On October 1st, CTC held a Community Meeting on Improving Transit in which several community members voiced their concerns. One commuter anecdote detailed the 45-minute bus commute that necessitates them arriving over 30 minutes early to work versus a 10-minute car commute. Another bus rider explained how she couldn't afford the fare when she had to switch between Iowa City and Coralville buses, which requires some commuters to buy at least two passes.
Every day, workers are forced to walk home in the middle of the night because there's no service available when they get off work. Our community needs Sunday service and night service. We are asking for you to get creative: can we provide a taxi voucher for service until midnight? What routes would make the most sense to run on Sundays? What funding can the city apply for to provide these basic services? Are there public-private partnership opportunities with employers in our community?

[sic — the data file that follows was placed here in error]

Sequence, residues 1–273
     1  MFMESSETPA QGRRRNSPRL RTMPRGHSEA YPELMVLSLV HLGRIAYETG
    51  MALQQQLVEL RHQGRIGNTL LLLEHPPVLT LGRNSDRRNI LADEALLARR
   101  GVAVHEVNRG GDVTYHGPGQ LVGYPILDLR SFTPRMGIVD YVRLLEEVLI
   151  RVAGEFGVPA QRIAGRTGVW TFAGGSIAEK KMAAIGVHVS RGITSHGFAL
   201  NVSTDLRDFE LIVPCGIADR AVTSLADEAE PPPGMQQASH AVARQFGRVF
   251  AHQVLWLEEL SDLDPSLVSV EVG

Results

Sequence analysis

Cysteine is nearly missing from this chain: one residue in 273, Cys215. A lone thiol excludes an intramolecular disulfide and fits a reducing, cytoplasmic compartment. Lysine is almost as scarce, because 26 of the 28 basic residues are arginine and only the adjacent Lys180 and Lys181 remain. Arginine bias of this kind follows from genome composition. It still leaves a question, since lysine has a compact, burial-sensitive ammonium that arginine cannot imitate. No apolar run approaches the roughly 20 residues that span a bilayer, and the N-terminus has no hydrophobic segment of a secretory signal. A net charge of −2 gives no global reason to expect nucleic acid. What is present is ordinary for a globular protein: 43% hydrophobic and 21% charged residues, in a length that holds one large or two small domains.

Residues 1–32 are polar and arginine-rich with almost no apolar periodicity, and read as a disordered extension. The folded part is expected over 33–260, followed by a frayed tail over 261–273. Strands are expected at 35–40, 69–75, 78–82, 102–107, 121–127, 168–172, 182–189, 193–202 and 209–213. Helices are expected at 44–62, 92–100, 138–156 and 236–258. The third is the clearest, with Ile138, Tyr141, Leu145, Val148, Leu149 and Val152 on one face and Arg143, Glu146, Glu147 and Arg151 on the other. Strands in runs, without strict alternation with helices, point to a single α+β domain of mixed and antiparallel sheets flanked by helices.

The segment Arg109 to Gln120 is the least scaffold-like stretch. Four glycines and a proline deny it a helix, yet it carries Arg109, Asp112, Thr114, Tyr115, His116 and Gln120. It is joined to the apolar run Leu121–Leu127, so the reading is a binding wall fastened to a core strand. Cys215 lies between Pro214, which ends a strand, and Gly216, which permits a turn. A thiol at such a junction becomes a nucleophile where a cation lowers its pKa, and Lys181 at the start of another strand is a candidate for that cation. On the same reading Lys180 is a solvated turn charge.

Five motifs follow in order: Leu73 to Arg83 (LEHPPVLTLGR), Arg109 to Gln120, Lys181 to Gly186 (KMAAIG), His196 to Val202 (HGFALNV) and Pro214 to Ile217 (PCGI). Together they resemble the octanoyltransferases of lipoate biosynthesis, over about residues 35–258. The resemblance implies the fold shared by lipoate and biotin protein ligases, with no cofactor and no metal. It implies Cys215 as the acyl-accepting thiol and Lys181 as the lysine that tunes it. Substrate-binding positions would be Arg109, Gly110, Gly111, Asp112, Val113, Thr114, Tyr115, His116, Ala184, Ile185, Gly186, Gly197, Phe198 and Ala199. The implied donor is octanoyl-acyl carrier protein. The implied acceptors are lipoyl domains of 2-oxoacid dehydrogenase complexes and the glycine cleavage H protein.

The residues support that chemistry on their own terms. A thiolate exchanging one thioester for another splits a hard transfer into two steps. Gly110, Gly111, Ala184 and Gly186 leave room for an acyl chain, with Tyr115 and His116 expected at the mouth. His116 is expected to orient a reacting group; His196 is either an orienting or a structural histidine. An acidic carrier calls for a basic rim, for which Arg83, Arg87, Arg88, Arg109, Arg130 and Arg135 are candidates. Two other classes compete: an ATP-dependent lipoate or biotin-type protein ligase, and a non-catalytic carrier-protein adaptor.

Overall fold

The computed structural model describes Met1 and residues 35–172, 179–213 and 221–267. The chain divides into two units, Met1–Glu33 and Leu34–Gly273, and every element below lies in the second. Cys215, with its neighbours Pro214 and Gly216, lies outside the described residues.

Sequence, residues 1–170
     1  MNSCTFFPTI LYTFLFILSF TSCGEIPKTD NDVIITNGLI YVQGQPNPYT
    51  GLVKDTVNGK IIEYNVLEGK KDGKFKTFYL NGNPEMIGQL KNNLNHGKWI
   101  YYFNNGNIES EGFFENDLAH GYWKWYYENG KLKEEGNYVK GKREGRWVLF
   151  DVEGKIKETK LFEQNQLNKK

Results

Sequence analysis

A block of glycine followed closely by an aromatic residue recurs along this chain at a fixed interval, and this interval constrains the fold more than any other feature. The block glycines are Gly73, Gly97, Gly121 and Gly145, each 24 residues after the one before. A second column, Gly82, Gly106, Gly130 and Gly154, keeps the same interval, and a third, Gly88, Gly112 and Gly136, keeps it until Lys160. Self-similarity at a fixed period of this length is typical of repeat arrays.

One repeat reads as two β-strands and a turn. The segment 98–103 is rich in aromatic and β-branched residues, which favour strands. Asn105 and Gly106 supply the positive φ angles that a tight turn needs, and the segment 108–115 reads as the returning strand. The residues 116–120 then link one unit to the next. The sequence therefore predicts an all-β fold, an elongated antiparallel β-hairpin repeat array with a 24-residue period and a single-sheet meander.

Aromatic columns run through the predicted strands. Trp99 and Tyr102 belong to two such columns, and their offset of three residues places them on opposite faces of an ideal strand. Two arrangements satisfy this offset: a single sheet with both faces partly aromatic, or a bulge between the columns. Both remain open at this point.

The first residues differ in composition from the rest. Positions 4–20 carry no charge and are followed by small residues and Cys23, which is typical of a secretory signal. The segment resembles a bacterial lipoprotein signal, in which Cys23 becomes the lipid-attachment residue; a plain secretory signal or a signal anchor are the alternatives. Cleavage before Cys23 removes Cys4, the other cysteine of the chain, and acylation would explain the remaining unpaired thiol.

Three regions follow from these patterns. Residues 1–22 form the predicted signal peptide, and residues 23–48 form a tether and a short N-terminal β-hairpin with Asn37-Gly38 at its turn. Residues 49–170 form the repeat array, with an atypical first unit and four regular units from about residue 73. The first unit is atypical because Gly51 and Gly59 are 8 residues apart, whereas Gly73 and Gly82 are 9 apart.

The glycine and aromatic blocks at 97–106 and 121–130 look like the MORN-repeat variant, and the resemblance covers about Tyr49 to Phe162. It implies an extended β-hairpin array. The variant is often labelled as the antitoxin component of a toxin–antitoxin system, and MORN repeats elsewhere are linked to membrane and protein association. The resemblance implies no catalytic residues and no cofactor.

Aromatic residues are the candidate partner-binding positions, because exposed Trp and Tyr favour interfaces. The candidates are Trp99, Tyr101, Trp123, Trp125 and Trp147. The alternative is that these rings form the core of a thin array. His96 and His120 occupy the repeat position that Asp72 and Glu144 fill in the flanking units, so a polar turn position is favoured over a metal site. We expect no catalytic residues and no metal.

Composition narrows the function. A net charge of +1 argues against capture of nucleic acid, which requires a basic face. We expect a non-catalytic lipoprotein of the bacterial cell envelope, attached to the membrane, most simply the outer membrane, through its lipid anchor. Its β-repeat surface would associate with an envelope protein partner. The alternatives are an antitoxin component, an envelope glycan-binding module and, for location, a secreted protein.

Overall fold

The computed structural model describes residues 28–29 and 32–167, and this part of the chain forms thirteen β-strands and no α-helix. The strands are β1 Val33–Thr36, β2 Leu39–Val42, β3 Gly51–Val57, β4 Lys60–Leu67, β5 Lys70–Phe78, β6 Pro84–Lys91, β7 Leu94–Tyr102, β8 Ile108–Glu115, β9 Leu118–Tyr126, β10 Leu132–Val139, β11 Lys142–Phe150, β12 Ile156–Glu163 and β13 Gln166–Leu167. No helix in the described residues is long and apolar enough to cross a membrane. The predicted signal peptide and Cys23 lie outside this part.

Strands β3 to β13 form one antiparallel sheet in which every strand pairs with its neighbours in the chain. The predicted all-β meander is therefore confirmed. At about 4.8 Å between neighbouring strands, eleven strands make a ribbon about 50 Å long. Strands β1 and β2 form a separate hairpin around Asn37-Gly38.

If the funding does not currently exist, we need to find it. We also request that you eliminate the current policy that prevents those with disabled passes from riding during peak times; this policy is extremely discriminatory as it limits the independence of those with such passes.
Community Transportation Committee
We will be having a watch party to listen to the recommendations made by the Transit Study and discuss the impact they may have on the community. This meeting is at 5:00pm. Please join at the following link: https://uiowa.zoom.us/j/91662829268